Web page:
- Associated Press - Thursday, June 12, 2014

RALEIGH, N.C. (AP) - North Carolina legislators are working to adjust a law that they fear could prevent people at a Marine Corps base and in the city of Asheville from recovering damages for contaminated water following a ruling by the U.S. Supreme Court this week.

House Republicans pushed a bill through a judiciary committee Thursday to change a law barring any lawsuit brought more than 10 years after any alleged contamination occurred. The proposal, expected to receive floor debate and votes Friday, says the 10-year period shouldn’t be interpreted as barring personal-injury cases involving certain groundwater contamination.

The change is in response to Monday’s Supreme Court ruling that a group of Asheville homeowners cannot sue a nearby electroplating business they blamed for contaminating their land because the contamination ended in the 1980s - even though they didn’t learn of the pollution until 2009. A similar situation exists at Camp Lejeune, the Marine Corps base where the government says exposure to contaminated water ended in 1987.

“We’re confident that this is going to provide the kind of relief that the people in Asheville and people around Lejeune need,” said House Speaker Thom Tillis of Mecklenburg County, who is also the Republican nominee for U.S. Senate.

On Wednesday, two days after the court’s ruling involving electronics manufacturer CTS Corp., lawyers for President Barack Obama’s administration asked a federal appeals court to dismiss a lawsuit blaming contaminated tap water at Camp Lejeune for birth defects, childhood cancers and other illnesses.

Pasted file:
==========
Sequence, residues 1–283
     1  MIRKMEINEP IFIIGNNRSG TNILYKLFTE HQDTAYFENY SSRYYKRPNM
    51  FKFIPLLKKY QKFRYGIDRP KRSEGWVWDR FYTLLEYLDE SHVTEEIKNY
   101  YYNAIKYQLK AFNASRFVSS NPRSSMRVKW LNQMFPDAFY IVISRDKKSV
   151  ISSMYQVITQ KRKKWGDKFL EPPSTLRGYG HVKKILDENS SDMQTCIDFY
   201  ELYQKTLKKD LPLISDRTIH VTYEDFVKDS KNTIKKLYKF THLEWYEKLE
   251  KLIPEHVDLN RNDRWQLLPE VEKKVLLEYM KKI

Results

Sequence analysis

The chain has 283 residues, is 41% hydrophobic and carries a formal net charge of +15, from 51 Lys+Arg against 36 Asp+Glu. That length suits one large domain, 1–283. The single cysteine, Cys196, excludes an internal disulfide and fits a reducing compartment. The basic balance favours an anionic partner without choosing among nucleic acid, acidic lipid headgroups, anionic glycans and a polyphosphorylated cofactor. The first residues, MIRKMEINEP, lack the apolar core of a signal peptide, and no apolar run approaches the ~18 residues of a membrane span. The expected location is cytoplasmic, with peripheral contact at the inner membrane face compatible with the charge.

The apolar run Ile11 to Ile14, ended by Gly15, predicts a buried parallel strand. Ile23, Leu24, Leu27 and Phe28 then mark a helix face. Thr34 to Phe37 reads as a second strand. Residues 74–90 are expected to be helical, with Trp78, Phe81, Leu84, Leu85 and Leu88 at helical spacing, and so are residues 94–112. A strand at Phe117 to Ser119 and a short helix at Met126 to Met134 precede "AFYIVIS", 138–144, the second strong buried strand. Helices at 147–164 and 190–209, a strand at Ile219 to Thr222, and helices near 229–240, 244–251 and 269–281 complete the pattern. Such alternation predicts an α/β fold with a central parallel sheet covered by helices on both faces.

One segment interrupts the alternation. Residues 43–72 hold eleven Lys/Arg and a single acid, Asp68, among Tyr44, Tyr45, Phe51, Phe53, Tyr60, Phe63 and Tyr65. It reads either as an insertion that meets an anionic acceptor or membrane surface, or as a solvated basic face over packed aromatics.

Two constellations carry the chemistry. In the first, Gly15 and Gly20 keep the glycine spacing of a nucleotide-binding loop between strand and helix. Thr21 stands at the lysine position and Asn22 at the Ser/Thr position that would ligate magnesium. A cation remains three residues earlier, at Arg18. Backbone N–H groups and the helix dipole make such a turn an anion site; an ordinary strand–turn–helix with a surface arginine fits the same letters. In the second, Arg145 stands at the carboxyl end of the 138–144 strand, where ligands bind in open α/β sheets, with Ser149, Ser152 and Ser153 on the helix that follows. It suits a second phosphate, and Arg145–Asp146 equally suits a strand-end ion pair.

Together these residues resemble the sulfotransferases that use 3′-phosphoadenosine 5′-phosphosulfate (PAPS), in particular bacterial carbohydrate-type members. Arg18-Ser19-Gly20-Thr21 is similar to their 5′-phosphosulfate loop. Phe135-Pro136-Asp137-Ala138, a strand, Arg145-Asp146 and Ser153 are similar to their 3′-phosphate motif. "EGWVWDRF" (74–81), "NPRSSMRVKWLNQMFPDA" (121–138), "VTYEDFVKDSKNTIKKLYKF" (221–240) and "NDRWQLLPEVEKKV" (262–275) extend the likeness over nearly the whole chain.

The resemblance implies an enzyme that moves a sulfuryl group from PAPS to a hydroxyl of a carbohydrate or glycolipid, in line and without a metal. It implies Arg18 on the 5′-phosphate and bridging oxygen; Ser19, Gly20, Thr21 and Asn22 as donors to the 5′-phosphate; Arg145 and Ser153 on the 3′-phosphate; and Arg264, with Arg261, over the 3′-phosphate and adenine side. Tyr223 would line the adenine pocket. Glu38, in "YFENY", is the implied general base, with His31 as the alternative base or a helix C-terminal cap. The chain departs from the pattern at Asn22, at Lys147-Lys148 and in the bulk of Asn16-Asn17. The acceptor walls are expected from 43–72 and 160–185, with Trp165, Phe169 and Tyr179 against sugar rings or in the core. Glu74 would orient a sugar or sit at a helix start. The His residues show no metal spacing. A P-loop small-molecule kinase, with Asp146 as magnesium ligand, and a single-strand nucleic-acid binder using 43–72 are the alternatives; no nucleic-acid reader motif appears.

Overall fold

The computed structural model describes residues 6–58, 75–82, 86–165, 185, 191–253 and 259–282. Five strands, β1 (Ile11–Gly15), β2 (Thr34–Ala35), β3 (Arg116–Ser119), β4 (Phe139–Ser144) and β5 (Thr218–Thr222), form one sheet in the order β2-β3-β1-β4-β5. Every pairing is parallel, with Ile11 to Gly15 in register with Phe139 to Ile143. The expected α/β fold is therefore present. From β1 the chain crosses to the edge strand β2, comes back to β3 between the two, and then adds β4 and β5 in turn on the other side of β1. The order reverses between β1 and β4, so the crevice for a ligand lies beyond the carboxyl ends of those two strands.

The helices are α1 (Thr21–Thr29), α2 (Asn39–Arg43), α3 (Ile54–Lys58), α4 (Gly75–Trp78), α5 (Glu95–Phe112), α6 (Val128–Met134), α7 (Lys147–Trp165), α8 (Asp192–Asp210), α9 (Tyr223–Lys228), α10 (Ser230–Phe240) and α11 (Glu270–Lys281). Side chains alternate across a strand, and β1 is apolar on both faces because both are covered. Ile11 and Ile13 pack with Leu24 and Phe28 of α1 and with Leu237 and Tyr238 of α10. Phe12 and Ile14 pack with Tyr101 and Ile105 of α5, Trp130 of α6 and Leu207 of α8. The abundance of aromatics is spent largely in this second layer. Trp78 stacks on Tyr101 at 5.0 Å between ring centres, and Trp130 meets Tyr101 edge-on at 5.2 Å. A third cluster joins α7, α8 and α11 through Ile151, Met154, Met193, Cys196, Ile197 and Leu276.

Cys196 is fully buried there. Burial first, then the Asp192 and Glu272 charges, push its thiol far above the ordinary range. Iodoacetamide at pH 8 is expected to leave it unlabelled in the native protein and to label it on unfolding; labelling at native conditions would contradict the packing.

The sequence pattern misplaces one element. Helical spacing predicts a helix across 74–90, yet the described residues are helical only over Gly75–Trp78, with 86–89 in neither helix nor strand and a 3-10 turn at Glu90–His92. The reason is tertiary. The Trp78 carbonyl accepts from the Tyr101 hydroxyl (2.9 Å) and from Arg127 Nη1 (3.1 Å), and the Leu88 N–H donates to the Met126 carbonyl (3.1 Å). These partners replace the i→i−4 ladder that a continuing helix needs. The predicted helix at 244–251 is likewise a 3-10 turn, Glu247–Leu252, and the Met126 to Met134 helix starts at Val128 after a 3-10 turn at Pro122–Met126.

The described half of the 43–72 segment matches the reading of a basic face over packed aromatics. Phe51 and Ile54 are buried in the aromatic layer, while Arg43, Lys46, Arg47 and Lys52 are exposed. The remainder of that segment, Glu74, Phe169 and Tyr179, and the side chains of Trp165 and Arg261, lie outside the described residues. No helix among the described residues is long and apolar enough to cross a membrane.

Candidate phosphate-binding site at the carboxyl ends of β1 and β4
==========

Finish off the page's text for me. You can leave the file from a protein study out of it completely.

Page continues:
Lawmakers are hopeful the bill to clarify what’s called the “statute of repose” could still give the people who lived with the contamination the ability to receive damages in court. The Supreme Court reversed a lower court ruling that said federal environmental laws should trump state law.

“We’re hitting a reset button now that we understand how the federal courts are going to interpret state law,” said Rep. Chuck McGrady, R-Henderson.

If the law is clarified, they said, courts could allow these two and other cases to proceed because there will be no time constraints on this kind of contamination litigation.

“This honors their justice rights - our Marines, their families and our citizens all over North Carolina,” added Rep. Rick Catlin, R-New Hanover.

House Republicans said they have support from Democrats and expect the Republican-led Senate to consider the measure early next week. GOP Gov. Pat McCrory would be asked to sign any bill into law.

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